With oil prices down, Trinidad and Tobago's energy-based economy has had to adjust. These are lean times; foreign exchange is less available and the government is trying to make up the country's revenue shortfall any way it can.
Imagine the public's consternation, then, when news broke that two government ministers in particular — Shamfa Cudjoe, the minister of tourism, and Darryl Smith, the minister of sport and youth affairs — have not been adhering to the same belt-tightening rules.
Cudjoe stunned netizens when it was revealed that she ran up a TT $59,000 phone bill (approximately US $8,740) over the course of four days. She later explained that only $1,100 of the billed amount represented phone calls — the balance consisted of roaming fees and value-added tax (VAT) at a time when she was in the Bahamas for a tourism-related event.
In a press release, Cudjoe said, “At the time of the trip, the Ministry was dealing with several issues which required my attention and therefore necessitated that I remain accessible. During this period, as is common while travelling on official government business, my mobile telephone was placed on roaming. However, at every reasonable opportunity, I also made use of the Wi-Fi facility where it was available.”
She claims she too was surprised by the high bill and asked the ministry to “launch an immediate investigation” into the charges. The cell service provider, Telecommunications Services of Trinidad and Tobago (TSTT), has said that it had no control over the roaming charges imposed by regional and international carriers.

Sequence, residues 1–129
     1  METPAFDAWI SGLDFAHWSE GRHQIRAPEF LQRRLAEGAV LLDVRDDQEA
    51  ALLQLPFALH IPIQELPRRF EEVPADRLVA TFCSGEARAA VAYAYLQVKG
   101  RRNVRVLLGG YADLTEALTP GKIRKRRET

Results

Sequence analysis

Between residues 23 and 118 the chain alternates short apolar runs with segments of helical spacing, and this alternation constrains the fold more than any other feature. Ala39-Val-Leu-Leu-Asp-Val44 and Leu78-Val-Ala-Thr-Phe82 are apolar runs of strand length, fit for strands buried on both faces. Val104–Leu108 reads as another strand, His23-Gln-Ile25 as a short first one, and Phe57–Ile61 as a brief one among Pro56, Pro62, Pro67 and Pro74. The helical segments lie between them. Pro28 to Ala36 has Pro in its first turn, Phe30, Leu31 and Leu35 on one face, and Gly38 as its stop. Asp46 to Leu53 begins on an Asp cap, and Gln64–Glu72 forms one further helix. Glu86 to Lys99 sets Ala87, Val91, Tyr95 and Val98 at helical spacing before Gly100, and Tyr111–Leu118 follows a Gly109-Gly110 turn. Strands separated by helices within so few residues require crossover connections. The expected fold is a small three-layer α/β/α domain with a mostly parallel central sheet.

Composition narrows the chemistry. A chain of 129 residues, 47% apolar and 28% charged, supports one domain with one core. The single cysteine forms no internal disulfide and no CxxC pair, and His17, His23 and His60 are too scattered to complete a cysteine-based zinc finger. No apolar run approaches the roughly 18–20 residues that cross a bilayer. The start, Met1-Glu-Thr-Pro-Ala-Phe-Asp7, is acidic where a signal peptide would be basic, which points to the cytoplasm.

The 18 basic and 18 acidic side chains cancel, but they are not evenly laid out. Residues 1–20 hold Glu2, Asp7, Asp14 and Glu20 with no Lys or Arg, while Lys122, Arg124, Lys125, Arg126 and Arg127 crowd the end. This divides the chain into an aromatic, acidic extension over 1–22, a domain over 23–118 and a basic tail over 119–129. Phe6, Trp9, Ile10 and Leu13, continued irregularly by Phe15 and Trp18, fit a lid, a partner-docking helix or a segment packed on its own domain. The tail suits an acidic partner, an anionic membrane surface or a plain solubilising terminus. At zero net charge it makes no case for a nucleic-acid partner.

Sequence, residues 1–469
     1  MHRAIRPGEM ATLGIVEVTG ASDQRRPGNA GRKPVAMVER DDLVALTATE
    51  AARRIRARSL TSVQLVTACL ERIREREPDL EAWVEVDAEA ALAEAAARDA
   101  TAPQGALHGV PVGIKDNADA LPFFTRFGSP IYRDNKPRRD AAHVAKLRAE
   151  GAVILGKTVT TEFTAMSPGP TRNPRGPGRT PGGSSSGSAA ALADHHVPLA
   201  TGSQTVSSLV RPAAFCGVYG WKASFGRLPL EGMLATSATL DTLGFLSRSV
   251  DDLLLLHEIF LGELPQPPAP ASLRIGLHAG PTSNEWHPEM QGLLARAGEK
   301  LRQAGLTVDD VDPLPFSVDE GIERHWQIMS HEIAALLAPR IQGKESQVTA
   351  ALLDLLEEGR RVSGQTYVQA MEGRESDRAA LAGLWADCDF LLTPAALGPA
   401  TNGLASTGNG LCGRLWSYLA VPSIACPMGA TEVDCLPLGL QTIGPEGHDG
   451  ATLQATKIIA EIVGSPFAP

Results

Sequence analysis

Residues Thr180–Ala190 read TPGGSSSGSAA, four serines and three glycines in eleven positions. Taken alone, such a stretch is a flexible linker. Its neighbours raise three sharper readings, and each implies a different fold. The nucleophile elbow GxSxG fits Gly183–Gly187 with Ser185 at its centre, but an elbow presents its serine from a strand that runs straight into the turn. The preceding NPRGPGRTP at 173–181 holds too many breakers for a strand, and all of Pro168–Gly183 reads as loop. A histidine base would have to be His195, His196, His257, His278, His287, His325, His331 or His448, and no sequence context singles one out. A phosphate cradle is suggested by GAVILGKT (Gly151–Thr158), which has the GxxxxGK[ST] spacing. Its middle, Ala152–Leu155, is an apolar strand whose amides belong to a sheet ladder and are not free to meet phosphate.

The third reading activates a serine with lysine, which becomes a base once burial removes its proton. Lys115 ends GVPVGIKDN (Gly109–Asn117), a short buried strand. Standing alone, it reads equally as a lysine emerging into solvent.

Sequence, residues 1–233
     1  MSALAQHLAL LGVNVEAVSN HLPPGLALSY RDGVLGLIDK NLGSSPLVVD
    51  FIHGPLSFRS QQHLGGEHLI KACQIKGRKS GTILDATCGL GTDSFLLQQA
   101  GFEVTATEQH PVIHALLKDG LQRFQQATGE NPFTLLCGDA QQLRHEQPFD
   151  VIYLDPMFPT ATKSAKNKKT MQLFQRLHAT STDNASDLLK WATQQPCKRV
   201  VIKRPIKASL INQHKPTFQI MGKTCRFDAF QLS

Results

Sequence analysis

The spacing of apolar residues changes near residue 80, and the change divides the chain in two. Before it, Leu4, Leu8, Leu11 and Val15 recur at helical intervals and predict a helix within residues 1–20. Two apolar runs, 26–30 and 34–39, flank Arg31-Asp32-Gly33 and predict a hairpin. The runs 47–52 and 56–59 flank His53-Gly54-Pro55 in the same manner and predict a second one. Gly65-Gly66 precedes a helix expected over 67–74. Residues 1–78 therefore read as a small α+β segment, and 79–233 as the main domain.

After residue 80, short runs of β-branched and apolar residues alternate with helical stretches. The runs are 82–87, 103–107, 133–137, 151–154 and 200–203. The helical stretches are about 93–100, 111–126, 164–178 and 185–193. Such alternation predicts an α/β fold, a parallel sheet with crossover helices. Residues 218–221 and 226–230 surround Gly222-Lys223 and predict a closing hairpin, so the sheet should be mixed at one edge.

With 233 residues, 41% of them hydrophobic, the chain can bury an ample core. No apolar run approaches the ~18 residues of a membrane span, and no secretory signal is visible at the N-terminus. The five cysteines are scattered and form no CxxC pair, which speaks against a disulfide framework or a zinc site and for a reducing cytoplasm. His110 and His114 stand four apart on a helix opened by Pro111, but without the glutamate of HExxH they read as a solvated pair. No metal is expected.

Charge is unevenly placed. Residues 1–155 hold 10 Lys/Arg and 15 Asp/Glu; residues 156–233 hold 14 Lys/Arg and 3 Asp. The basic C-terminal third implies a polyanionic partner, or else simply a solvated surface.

Netizens were not too quick to buy Cudjoe's declarations of fiscal responsibility, however. The hashtag #callmeanytimeyouwant soon started to make an appearance and she soon started being referred to on social media as the “Minister of Roaming”.
On Twitter, Rhoda Bharath was truly incredulous as to how this could have happened:
I breaking this down into byte size pieces. $50k in data. Not calls. Over 4 days. On a phone. In a hotel with wifi.#callmeanytimeyouwant
— rhoda bharath (@rhodabharath) May 16, 2017
On Facebook, she further dissected Cudjoe's defense:
Where things get interesting is the cost of data charges in the Bahamas and what they actually mean in downloaded/used data.
When the math is done, the exorbitant rate indicates that the Minister used roughly 800 mb of data. That is average data use over a 4-day period for many persons. And what it actually reveals is that $59,000.00 in data charges wasn't racked up from intense use of the phone to remain “accessible”, but from casual data consumption at extremely high rates.
Which then begs the question, how often is the state shouldering $60,000 bills for casual consumption of roaming data overseas by Ministers and Ministry officials? […]
Abuse of the public purse is nothing to defend or scoff at!
Many social media users were of the opinion that Cudjoe should pay back the roaming charges. Kathryn Stollmeyer Wight lamented:
She has to pay us back because nobody is ever taken to task or made to account & there will be absolutely no justice with this scandal. […]
Its time to get a voice people & stop the nonsense in this place. Call them all out! Demand our hard earned tax dollars are spent wisely!
Pay up HONORABLE Minister Cudjoe, & frankly, while you paying up, resign too. Now that would really set an example.